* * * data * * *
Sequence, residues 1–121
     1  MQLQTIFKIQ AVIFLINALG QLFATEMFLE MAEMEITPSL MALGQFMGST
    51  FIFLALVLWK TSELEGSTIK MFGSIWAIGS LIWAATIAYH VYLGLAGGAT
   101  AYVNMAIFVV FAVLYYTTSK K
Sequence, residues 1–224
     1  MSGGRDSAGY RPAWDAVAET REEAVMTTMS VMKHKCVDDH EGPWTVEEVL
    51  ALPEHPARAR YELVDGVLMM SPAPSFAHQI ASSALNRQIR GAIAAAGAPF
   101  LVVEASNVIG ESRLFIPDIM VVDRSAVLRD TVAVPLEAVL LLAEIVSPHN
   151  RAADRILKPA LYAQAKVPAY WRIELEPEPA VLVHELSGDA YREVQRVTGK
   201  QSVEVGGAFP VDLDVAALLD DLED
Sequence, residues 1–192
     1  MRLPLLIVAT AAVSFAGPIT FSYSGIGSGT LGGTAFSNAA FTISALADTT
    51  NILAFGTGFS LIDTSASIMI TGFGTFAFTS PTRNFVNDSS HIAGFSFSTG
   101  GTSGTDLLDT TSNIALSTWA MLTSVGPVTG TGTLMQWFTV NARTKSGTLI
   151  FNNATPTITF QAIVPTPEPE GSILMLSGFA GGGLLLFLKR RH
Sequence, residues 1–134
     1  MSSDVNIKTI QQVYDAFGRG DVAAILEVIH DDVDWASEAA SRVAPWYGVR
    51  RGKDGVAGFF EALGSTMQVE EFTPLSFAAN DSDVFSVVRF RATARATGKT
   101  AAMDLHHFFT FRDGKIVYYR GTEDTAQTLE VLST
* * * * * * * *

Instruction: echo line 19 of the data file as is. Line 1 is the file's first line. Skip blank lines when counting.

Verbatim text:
   101  AAMDLHHFFT FRDGKIVYYR GTEDTAQTLE VLST